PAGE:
Green Decorative Wheat

Task Set 9: Other Blackboard Tools

View Task Set Nine with Images                                   Move to Task Set Ten

Blackboard has much more than the basic tools you have learned so far, but if you are feeling a bit overwhelmed, or are simply ready to get started, then you already have most of the tools you need to be successful and you can skip Steps #1-#6 and move on to Step #7 in this Task Set. The goal of Task Set #9 is to introduce instructors to a few additional assignment tools and to help instructors master finding students in the Retention Center and Performance Dashboard.

Things to do:

  1. In order to explore additional Blackboard tools, you are going to need to be logged in to one of your Blackboard classes. Do that now.
  2. If your class is live and you want to play around without students seeing what you are doing, go to your "Course Materials" area, and create a new Content Folder just like you did in Task Set 4, steps #3 and #4. This time, however, before you click "Submit" you need to find the setting that says "Permit Users to View this Content" and choose "No." Now anything you put inside this Content Folder will be hidden from your students. NOTE: if you set up assignments in this folder, they will still show up in your students' "My Grades" area, so please do not create assignments in hidden folders.
  3. Enter the folder you just created by clicking on its title.
  4. First, we are going to investigate the "Blogs" and "Journals" tools.  These tools have limited utility, but they work well and you may decide they are useful in your class. You can set up Blogs and Journals a few ways, but the easiest is to start in the folder where you want the blog or journal assignment to show for your students. Blogs and Journals are essentially identical in Blackboard with one important difference: Blogs default to allowing anyone in the class to see the postings. Journals default to only allowing the student who created the joural and the professor to see the postings. To set up a Blog, mouse over the "Tools" link in the ribbon menu and choose "Blogs" and click the button that reads "Create a new Blog."  Give the blog a name and instructions, leave the other settings in their defaults, assign points to it if you want the blog to be an assignment (please do not do that for this practice Blog setup), and click "Submit." You will be taken back to the screen called "Create Link: Blog" where you need to click on the title of the Blog you just created and then click "Next." This takes you to another page where you will create the information your students will see in the link to the blog assignment. This seems cumbersome, but all you need to do is provide any instructions, such as how many postings you are expecting, in the "Text" area. Once you are finished, click "Submit." The "Journal" tool works exactly the same, except you choose "Journals" instead of "Blogs."  Many instructors seem to have good experiences with these two tools, but due to their cumbersome setup and similarity to the Discussion Board and Assignments tools, OIR does not generally suggest their use.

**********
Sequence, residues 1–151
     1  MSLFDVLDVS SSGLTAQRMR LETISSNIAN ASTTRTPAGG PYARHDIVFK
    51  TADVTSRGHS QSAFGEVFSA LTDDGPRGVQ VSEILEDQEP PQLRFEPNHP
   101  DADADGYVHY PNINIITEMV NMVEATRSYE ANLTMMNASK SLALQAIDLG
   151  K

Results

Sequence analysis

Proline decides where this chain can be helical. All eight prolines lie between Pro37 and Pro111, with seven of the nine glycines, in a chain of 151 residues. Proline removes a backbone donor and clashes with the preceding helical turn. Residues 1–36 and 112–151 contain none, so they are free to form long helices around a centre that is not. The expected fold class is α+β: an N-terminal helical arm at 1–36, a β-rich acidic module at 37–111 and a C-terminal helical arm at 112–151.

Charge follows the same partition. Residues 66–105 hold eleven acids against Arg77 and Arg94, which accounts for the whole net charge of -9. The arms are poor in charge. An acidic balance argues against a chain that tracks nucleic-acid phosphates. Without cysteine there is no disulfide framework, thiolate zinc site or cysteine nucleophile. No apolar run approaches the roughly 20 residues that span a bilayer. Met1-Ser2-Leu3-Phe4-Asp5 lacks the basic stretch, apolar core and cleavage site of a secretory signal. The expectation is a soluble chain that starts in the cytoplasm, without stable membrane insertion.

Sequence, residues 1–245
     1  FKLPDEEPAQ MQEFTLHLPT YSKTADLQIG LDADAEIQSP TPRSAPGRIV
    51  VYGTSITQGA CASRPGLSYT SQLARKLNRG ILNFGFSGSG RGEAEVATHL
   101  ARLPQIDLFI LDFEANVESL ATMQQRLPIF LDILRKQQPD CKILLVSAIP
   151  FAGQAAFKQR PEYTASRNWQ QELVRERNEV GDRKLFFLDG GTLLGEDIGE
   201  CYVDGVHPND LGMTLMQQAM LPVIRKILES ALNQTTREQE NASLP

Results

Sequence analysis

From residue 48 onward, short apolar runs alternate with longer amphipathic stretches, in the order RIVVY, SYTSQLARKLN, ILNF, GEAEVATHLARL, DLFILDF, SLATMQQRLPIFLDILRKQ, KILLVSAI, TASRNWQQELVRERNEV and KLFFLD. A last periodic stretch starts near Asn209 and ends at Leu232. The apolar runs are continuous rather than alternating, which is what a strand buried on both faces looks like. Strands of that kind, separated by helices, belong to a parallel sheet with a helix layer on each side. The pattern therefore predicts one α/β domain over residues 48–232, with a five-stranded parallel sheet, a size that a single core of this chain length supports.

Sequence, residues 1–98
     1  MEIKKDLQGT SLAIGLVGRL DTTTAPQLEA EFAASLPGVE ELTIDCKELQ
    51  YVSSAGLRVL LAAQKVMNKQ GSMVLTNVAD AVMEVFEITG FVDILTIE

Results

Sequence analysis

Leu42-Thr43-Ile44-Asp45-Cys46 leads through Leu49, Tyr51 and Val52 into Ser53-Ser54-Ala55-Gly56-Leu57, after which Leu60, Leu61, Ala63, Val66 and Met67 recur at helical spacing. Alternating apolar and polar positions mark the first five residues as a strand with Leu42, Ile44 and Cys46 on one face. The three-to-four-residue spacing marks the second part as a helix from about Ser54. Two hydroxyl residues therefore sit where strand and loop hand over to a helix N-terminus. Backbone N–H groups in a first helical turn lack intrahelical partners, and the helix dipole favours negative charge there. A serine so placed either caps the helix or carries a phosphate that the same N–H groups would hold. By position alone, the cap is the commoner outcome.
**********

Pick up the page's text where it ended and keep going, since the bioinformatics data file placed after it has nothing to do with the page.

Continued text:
5. Next, we will take a quick look at the "Wiki" tool. You will set up a Wiki in the same way that you set up a Blog in Setp #4 above, leaving the settings in their default positions. What you get once you set up a Wiki is a course area that functions a little like a Google Doc. All your students can access the same document area and make changes. You can track those changes through time to see who did what, and you can also participate. The Wiki tool is an especially good way to create an online sign-up sheet for things like conferences or other meet-ups. It takes a little practice to get the feel of a Wiki, and OIR suggests that if you think you want to use it, jump in and give it a try. Professors who use the Wiki tool tend to report that they like it.
  6. While there are other tools you might want to explore in Blackboard, be advised that the Blackboard Learn environment has links to many tools that no longer work. If OIR could remove these links, we would, but some things can't be removed. If you want to use a tool that has not been discussed in this training, please contact OIR at first, and we can tell you whether it is a functional tool before you begin.
  7. The other Blackboard tools you might be interested in are found in the "Course Management" area of your course. Remember, this is an area of the course that only you can see, and it is found below the regular course menu on the left of your screen. Please have a look there now.
  8. The first tool to look at is found under the "Evaluation" area. It is called "Performance Dashboard." Click that now.  
  9. The Blackboard "Performance Dashboard" gives you a snapshot look at all your enrolled students. From here you can see things like how many days it has been since your students logged in to your class, how many Discussion Board postings they have made, and what their grades are. This tool is very helpful if you receive a question about a student or if you are filling out a SEAS Report. 
  10. Much like the Performance Dashboard, the Retention Center allows professors an at-a-glance view of their students', and their own, activity in the course. Take a moment to investigate the Retention Center. You will probably find you prefer either the Performance Dashboard or the Retention Center more, and they each provide similar information but in different layouts.

View Task Set Nine with Images                                   Move to Task Set Ten